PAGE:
1. a person who believes that governments are unnecessary or undesirable.
2. a person who tries to overturn the government by violence.
ˈanarchism noun
References in classic literature ?
At last Miss Wilson quelled the prevailing anarchy.
It discouraged the waste and anarchy of duplication.
Whoever rejects it does, of necessity, fly to anarchy or to despotism.
It is impossible to read the history of the petty republics of Greece and Italy without feeling sensations of horror and disgust at the distractions with which they were continually agitated, and at the rapid succession of revolutions by which they were kept in a state of perpetual vibration between the extremes of tyranny and anarchy.
In a society under the forms of which the stronger faction can readily unite and oppress the weaker, anarchy may as truly be said to reign as in a state of nature, where the weaker individual is not secured against the violence of the stronger; and as, in the latter state, even the stronger individuals are prompted, by the uncertainty of their condition, to submit to a government which may protect the weak as well as themselves; so, in the former state, will the more powerful factions or parties be gradnally induced, by a like motive, to wish for a government which will protect all parties, the weaker as well as the more powerful.
It proved, incontrovertibly, the disastrous effects of machinery and division of labour; the concentration of capital and land in a few hands; overproduction and crises; it pointed out the inevitable ruin of the petty bourgeois and peasant, the misery of the proletariat, the anarchy in production, the crying inequalities in the distribution of wealth, the industrial war of extermination between nations, the dissolution of old moral bonds, of the old family relations, of the old nationalities.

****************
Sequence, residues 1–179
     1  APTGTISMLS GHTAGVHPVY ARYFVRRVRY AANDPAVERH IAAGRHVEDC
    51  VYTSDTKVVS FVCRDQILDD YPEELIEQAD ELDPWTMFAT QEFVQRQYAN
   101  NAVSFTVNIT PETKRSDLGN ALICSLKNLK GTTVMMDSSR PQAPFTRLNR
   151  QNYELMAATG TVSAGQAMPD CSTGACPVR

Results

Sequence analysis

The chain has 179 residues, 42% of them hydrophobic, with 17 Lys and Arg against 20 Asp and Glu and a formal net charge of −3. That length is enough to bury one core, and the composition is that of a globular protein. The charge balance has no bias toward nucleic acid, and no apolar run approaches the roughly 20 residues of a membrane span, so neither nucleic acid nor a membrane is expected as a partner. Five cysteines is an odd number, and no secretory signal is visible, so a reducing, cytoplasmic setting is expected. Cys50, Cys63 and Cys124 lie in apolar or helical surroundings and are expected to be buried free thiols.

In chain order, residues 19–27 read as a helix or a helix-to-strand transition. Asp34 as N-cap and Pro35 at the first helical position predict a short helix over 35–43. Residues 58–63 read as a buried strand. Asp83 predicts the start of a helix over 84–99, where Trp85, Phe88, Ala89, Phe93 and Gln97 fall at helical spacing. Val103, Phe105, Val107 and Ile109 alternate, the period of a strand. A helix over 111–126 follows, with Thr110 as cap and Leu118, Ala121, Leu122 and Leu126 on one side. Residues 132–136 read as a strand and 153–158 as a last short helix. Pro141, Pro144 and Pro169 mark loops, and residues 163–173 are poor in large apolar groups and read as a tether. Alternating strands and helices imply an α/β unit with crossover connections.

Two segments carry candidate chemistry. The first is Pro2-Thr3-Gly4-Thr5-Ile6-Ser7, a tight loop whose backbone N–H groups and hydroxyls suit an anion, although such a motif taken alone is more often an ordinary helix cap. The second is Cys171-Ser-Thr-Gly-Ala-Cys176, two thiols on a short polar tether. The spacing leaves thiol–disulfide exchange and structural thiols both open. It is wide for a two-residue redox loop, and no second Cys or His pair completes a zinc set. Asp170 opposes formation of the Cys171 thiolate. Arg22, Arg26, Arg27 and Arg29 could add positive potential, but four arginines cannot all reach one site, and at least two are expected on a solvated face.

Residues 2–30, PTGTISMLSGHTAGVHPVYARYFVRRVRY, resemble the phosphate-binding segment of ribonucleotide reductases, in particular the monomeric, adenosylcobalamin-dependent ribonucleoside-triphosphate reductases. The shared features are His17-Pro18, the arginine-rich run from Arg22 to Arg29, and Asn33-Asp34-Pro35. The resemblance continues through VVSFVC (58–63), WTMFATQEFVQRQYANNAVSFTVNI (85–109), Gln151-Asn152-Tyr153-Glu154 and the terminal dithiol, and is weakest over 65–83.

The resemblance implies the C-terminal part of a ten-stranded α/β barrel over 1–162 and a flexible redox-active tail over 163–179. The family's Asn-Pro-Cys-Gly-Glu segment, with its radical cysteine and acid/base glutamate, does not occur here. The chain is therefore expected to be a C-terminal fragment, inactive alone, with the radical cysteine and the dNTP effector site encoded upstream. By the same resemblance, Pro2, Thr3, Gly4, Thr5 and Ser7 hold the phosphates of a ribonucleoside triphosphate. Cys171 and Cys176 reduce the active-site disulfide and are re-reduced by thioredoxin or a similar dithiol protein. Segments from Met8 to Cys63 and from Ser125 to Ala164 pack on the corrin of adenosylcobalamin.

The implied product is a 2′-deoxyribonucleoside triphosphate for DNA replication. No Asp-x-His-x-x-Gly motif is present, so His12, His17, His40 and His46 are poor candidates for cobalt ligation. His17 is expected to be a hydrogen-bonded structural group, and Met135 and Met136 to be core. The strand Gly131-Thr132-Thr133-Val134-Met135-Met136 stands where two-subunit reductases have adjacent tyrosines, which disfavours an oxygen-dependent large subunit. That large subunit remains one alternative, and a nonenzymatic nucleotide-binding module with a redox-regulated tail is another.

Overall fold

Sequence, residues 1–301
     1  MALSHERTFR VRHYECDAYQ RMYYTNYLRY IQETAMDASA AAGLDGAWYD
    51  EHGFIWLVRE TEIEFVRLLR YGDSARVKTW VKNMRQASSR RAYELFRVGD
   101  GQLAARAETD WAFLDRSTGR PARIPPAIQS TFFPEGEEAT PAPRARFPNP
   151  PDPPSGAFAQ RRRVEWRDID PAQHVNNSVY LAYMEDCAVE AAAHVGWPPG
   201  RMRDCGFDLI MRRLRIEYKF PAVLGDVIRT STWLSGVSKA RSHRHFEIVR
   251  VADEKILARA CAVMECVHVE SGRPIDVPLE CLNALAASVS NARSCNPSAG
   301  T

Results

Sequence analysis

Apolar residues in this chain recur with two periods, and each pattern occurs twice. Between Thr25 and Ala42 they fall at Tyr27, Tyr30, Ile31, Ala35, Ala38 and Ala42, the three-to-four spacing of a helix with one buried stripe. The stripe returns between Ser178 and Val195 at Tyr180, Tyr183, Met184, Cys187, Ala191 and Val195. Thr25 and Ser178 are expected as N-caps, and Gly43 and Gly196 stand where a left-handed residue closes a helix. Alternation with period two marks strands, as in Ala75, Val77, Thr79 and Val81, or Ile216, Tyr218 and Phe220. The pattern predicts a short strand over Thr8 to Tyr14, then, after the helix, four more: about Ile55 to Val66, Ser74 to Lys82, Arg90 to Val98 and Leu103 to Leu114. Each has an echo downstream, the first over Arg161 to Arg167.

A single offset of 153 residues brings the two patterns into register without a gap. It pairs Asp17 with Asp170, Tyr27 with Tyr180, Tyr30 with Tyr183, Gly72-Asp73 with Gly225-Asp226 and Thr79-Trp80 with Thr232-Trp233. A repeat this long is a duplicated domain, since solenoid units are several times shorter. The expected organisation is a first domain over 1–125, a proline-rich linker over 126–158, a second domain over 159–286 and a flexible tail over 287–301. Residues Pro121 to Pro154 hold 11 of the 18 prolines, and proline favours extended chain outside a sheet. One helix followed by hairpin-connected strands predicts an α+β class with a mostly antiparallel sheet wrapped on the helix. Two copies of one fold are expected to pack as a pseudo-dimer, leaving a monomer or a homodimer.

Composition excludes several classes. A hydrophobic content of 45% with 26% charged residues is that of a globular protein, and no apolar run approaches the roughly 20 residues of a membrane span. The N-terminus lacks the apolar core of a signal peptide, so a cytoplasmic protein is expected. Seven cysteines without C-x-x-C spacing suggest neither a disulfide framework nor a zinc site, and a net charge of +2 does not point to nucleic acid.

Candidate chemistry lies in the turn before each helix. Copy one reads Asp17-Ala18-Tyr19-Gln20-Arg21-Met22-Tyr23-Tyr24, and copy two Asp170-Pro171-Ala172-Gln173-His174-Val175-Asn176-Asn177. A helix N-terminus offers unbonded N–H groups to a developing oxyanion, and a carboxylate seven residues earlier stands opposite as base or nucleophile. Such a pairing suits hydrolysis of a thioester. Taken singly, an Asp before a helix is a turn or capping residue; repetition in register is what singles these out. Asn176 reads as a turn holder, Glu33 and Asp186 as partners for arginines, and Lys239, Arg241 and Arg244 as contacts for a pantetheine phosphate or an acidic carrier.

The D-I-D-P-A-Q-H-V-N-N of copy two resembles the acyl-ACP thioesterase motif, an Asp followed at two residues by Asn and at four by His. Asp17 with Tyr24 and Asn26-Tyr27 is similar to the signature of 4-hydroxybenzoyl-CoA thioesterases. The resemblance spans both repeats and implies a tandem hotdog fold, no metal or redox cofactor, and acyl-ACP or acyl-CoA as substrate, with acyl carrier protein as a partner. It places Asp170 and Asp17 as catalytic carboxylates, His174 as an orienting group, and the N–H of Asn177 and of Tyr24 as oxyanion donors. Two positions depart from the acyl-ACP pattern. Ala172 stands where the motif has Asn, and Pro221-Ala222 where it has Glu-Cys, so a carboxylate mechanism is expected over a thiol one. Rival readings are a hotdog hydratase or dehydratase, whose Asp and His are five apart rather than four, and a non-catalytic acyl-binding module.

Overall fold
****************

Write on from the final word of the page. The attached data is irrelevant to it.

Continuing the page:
The agitation for the Universal Colour Bill continued for three years; and up to the last moment of that period it seemed as though Anarchy were destined to triumph.
But in hours of trial the junto of man's nature is dissolved, and anarchy succeeds.
Because in all cities these two distinct parties are found, and from this it arises that the people do not wish to be ruled nor oppressed by the nobles, and the nobles wish to rule and oppress the people; and from these two opposite desires there arises in cities one of three results, either a principality, self- government, or anarchy.
This is simply bringing anarchy into the army, and flinging victory away.
It is one of the most remarkable circumstances in our history, that, when the charter government was overthrown by the war, no anarchy nor the slightest confusion ensued, This was a great honor to the people.
While all this petty anarchy was agitating the little world within the Tonquin, the good ship prosperously pursued her course, doubled Cape Horn on the 25th of December, careered across the bosom of the Pacific, until, on the 11th of February, the snowy peaks of Owyhee were seen brightening above the horizon.